US companies see Qatar as gateway to Middle East, Gulf region
December 30 2019 09:14 PM
USQBC managing director Mohamed Barakat with USQBC president, Ambassador Anne Patterson, and US emba
USQBC managing director Mohamed Barakat with USQBC president, Ambassador Anne Patterson, and US embassy Chief of Mission in Qatar and Charge d’Affaires William Grant, as well as other dignitaries during the recent opening of the council’s Doha office.

US companies keen on investing in the Qatari market are also looking beyond Doha, which is being eyed as a gateway to other markets in the Middle East and Gulf region, an official of the US-Qatar Business Council (USQBC) has said.
The council’s managing director, Mohamed Barakat, pointed out that with the recent opening of the USQBC’s office in Doha, the council would be able to provide US companies with more information about the investment climate of Qatar and its neighbours.
Earlier, Barakat said the USQBC has been flooded with inquiries from American firms keen on doing business in the Gulf, particularly in the Qatar, which, according to the government and major players in the private sector, “is ready for the influx of more foreign direct investments.”
Last month, the USQBC hosted a high-level Qatari delegation comprised of representatives from the Ministry of Interior, the Ministry of Finance, the Ministry of Commerce & Industry, Qatar Financial Centre, and other critical entities in Qatar's government. The visiting delegation was in Washington for meetings focused on enhancing the business environment.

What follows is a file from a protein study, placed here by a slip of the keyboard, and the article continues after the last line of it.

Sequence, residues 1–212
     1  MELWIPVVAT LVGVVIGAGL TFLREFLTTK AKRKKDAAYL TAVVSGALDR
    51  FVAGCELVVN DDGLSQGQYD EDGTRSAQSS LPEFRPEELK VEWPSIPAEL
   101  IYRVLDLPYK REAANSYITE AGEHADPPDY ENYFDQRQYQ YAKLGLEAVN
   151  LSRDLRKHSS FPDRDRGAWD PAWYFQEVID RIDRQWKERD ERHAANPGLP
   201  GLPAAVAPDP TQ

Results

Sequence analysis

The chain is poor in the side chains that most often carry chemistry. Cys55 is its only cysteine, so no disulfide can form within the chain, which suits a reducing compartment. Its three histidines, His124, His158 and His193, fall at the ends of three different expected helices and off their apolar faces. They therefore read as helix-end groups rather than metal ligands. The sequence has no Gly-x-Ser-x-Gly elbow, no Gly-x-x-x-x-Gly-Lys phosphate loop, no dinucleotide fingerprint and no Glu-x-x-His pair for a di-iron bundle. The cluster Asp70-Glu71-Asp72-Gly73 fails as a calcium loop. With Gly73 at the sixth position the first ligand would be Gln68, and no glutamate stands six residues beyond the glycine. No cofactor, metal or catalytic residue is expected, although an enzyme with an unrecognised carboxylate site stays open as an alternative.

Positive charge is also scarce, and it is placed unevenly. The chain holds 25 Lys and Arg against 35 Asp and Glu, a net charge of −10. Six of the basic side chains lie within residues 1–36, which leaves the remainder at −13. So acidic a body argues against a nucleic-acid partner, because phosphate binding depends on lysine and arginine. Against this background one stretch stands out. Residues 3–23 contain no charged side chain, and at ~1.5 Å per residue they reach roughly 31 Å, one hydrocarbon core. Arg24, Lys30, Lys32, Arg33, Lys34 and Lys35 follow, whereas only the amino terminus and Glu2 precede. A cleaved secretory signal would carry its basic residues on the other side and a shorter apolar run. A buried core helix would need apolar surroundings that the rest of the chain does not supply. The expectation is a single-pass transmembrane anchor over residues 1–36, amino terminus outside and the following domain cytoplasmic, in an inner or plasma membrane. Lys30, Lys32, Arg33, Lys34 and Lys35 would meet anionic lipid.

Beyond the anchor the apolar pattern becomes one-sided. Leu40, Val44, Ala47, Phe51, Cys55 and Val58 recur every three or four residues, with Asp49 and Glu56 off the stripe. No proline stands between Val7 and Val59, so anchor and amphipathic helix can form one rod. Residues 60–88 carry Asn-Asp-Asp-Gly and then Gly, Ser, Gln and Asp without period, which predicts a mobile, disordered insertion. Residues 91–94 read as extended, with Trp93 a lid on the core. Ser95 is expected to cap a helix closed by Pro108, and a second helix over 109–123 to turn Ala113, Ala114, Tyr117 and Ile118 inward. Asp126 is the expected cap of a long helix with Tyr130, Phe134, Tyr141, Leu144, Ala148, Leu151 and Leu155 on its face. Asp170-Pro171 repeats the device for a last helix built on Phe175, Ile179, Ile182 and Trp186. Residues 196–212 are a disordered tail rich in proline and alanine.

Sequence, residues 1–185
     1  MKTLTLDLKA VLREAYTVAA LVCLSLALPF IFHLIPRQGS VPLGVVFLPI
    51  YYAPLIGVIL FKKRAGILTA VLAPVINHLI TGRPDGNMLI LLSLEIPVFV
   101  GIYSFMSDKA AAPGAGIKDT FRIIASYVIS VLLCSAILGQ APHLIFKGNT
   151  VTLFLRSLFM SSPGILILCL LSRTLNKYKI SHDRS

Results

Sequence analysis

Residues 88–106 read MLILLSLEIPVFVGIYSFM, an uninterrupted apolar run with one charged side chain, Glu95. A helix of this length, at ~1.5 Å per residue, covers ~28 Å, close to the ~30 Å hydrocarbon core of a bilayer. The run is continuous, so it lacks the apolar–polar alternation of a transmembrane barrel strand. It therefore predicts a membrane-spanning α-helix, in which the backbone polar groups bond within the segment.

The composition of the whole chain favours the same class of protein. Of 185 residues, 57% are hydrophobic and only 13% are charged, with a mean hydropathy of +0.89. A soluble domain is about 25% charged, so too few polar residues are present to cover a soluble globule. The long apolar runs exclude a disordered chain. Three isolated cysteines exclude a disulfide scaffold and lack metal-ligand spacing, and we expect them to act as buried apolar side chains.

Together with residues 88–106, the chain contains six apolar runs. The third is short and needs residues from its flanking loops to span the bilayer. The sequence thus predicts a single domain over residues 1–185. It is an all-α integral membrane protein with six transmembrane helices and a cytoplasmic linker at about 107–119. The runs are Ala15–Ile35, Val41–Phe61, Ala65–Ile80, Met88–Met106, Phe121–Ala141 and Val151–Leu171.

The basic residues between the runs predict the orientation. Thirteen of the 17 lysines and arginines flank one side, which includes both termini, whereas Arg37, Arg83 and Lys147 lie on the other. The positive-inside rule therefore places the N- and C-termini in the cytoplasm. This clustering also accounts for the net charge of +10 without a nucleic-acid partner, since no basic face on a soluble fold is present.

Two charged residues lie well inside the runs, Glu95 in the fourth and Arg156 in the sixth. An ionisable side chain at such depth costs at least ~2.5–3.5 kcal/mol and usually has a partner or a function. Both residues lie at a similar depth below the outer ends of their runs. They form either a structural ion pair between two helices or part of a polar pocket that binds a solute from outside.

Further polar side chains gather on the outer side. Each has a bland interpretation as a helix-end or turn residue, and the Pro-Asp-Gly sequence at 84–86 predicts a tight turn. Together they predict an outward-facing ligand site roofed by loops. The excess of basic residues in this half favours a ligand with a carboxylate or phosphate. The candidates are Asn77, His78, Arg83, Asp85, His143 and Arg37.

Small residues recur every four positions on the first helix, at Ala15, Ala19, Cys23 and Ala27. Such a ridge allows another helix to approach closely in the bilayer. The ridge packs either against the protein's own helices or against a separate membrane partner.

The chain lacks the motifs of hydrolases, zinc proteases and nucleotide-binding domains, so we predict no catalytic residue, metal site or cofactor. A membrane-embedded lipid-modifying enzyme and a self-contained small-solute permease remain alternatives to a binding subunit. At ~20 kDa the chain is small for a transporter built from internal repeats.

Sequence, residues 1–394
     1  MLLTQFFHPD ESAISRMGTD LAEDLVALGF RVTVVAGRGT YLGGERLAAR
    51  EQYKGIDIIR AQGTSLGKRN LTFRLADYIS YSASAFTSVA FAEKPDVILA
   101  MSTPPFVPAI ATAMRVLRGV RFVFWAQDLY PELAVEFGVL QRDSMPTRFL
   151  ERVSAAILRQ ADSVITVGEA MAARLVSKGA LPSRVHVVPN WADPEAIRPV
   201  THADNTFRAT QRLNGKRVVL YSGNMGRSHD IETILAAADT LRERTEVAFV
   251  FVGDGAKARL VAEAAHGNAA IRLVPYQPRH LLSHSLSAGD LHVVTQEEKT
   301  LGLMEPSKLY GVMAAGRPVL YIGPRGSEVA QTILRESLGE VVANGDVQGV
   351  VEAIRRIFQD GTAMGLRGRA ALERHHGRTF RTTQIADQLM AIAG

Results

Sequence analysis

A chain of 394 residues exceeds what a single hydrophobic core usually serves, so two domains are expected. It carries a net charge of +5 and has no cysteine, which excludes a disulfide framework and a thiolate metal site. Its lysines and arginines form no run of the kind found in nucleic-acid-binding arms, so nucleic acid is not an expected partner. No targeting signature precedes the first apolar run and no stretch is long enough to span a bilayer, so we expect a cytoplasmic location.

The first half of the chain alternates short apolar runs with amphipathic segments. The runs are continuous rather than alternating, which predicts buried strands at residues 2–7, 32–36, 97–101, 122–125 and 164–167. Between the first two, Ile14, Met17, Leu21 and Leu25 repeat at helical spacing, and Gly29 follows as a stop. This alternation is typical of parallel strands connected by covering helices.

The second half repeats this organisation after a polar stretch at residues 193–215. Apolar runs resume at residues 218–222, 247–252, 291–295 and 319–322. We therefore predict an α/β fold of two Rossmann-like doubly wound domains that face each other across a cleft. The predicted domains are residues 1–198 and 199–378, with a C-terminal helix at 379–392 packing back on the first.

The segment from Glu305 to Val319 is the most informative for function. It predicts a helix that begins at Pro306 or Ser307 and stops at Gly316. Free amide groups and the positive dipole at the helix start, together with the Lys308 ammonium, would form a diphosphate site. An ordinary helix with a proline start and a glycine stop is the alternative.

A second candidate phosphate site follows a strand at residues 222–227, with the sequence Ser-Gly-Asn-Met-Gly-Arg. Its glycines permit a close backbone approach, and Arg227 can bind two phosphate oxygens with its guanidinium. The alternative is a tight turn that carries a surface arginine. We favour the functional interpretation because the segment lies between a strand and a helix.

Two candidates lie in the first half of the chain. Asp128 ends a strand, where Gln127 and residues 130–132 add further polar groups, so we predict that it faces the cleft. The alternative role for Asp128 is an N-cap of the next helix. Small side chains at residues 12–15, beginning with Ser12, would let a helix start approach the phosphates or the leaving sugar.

“People were hungry for that kind of information based on the engagement from the audience, who clarified what the recently-announced new laws mean. The plan is that with the council’s partnerships with the Qatar commercial attaché in Washington DC, and the planned 2020 Roadshow in the US, we would be able to send and provide more information to the business community and explain it more. The Investment Promotion Agency Qatar has a very great plan of explaining these incentives,” Barakat told Gulf Times in an interview.
Conversely, Barakat stressed that the council is not only working to promote the Qatari market to American firms, but it is also helping investors here understand ways of doing business in the US market.
“Learning about Qatar’s investment climate is very helpful for US companies, but at the same time, it’s not just on the export side or investing in the states, but there are also a lot of incentives for Qatari companies importing from the US, so we’re helping them understand the export programmes in the US and utilising state or federal level programmes to increase and enhance trade with the United States,” Barakat explained.
Aside from bridging the gap between Qatari companies with the large, major US corporations, the USQBC would also like to engage them with the small and medium-sized enterprises (SMEs) “because there are a lot of synergies to be made between them,” Barakat noted.
“On entrepreneurship, the US has a very dynamic startup ecosystem. Similarly, Qatar is also active in this sector in terms of incubation and development funds, among other initiatives that aim to help startups. So, part of the council’s mandate is to determine how we could enhance that synergy, which would be one of the focus areas of our newly-launched USQBC office in Doha,” Barakat emphasised.



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